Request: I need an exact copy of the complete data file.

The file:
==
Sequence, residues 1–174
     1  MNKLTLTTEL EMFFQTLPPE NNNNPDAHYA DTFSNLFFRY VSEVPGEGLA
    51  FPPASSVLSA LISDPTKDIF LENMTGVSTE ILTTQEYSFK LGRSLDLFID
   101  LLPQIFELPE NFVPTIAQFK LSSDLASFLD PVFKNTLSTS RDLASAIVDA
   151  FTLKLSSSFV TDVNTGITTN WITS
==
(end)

Sequence, residues 1–174
     1  MNKLTLTTEL EMFFQTLPPE NNNNPDAHYA DTFSNLFFRY VSEVPGEGLA
    51  FPPASSVLSA LISDPTKDIF LENMTGVSTE ILTTQEYSFK LGRSLDLFID
   101  LLPQIFELPE NFVPTIAQFK LSSDLASFLD PVFKNTLSTS RDLASAIVDA
   151  FTLKLSSSFV TDVNTGITTN WITS